I had bogus charges on my Visa card in both July and August this year to firms named something like 1-800-123-4567 and 1-877-765-4321, ceasing only when I cancelled the card. Searching the numbers on the internet assured me that I was not the only one so defrauded. (The funds were recompensed by the card issuer.)
No one has given me a satisfactory answer as to how these fraudulent merchant services accounts can be opened so easily. Apparently anyone can open a bank account and then a merchant services account without a background check.
As for how my card number was compromised, it’s hard to say. It could have been a waiter in a fancy (not pay-at-cashier) restaurant or an internet purchase. Probably not a skimmer as I am vigilant and an engineer by profession.
Your card number could have been acquired by malware on the cash register at a perfectly honest restaurant with perfectly honest staff, but with a perfectly shabby PoS service provider.
As happened in this case:
In many of the recent megabreaches of payment card data, e.g. Target and Home Depot, the merchants ended up finding that although almost every single in-store, card-present transaction was compromised during the breach period (thanks to RAM scraping malware), no online shoppers were affected at all.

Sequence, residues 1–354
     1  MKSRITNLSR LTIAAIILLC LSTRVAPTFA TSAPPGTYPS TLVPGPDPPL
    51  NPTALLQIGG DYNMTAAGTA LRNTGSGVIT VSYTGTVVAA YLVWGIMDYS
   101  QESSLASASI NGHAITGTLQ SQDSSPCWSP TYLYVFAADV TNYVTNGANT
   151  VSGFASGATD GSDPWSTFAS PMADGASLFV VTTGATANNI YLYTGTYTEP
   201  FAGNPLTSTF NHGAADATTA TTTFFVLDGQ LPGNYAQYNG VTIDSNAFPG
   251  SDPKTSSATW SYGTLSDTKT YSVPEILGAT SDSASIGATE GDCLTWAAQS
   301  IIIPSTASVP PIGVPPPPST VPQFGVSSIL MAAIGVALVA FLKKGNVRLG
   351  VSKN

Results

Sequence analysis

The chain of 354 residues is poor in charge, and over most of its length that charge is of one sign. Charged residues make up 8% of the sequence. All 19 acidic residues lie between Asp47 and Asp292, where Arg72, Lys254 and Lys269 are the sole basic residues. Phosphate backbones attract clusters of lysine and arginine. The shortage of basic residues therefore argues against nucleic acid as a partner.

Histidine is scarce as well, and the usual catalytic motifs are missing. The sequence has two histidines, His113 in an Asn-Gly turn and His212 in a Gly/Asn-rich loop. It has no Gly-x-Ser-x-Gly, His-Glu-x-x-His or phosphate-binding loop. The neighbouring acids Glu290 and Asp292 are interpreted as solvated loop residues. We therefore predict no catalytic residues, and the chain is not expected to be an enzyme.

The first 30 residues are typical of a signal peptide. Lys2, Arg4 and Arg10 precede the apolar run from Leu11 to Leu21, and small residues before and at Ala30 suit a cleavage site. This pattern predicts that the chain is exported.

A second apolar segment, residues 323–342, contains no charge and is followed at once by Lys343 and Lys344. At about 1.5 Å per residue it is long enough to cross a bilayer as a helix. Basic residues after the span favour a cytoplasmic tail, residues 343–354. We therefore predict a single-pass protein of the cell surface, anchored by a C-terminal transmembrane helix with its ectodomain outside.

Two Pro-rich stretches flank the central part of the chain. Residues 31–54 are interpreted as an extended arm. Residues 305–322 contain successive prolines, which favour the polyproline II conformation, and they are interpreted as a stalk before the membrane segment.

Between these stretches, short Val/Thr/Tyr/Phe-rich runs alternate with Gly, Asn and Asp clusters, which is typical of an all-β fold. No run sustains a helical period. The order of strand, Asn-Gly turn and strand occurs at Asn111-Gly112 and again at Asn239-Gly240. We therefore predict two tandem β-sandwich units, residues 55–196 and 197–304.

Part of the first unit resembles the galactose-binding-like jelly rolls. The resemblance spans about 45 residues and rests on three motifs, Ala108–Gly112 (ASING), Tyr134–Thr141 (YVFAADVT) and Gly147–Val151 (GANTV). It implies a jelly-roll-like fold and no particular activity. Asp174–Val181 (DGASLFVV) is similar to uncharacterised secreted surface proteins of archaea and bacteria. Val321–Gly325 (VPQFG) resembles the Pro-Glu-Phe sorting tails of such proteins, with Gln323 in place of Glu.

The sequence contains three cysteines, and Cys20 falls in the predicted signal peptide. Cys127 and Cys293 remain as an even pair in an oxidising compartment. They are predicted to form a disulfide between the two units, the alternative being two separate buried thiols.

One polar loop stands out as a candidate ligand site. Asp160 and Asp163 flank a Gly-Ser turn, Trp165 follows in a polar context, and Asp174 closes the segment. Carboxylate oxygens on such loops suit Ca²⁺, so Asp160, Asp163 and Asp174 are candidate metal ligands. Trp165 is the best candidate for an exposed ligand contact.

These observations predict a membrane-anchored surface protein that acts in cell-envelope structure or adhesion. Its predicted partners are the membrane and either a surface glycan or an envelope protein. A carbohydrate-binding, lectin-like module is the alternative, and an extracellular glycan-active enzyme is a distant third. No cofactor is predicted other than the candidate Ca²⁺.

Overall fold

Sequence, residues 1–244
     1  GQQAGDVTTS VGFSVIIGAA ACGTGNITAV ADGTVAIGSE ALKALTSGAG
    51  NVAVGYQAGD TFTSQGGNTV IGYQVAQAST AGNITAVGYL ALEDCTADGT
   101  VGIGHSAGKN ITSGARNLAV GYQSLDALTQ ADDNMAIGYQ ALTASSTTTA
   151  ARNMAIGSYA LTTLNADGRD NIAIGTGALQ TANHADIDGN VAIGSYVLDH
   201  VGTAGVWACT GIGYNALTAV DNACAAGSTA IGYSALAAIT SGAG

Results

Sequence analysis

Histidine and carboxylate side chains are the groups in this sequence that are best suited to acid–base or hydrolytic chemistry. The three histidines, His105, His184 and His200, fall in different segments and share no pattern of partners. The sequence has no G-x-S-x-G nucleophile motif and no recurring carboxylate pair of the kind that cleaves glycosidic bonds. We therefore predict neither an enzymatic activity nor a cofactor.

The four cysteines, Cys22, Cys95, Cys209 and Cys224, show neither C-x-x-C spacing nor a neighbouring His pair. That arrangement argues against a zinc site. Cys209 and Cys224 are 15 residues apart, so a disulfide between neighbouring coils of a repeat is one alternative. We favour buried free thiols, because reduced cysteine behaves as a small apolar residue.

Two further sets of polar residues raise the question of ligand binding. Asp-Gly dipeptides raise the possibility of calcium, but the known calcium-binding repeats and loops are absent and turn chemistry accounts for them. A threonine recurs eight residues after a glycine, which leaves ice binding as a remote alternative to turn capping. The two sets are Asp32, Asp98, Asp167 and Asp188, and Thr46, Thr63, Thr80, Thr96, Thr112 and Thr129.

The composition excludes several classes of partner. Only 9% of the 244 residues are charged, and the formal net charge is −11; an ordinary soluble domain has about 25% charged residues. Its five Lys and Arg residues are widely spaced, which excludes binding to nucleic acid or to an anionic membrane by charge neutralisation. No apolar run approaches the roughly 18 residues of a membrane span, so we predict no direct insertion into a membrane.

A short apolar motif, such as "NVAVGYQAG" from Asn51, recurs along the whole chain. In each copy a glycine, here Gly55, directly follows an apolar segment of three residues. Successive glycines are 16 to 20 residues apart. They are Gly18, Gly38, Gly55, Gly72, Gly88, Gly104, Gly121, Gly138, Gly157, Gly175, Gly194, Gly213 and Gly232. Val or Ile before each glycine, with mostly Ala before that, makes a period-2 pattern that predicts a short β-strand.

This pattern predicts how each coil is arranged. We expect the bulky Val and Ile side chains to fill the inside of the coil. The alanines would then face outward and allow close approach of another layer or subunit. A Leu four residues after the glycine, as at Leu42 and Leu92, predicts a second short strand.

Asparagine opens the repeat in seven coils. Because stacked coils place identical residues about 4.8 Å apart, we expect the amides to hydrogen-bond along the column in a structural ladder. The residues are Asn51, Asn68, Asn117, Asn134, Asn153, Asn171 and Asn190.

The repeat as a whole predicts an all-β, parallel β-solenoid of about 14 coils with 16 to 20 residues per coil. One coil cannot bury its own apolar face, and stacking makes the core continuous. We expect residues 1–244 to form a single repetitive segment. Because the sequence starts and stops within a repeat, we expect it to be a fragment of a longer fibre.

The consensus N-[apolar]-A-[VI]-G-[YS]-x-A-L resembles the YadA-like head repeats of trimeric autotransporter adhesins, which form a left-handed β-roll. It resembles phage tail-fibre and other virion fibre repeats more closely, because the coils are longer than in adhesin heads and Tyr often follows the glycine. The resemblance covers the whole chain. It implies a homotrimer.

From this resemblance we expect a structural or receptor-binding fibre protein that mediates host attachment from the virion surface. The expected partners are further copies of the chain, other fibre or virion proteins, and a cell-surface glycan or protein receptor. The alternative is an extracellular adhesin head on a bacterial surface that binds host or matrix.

An interesting about-face in threat compared to a few years ago, when shopping online was considered risky, while shopping in person was considered the safe option 🙂
The same protections existed against the abuse of dodgy slips in the days of zipzap machines.
If a taxi driver, say, could use the cover of darkness, your haste and an unfamiliar city to get you to sign an incorrectly completed slip that he’d run through his zizap machine, imprinting your card details but somehow leaving the amount and the merchant details blank, then he had the old-school equivalent of a “harvested transaction” in the diagram above.
Of course, in the zipzap machine scenario, “if a bad actor were to attempt to use a bogus [zipzap machine] to carry out transactions they would have to try and monetise the attack by setting up a merchant account through which the bogus transactions could be settled before any money could be paid. The risk of detection is extremely high and any transactions reported as bogus would be charged back to the account.”
So not a lot has changed since 1989, eh? Not sure about you, but I’m no longer feeling quite so reassured by the answer above 🙂
Some of the protections against “bad actors” in the post-zipzap-machine NFC era are those £20 and £100 limits on PINless and offline transactions. Those limits are not there by accident – they are there to increase the risk to the crook, and to limit your exposure. To take you for a thousand quid, a crook would have to “ping” your card *fifty times* without getting caught.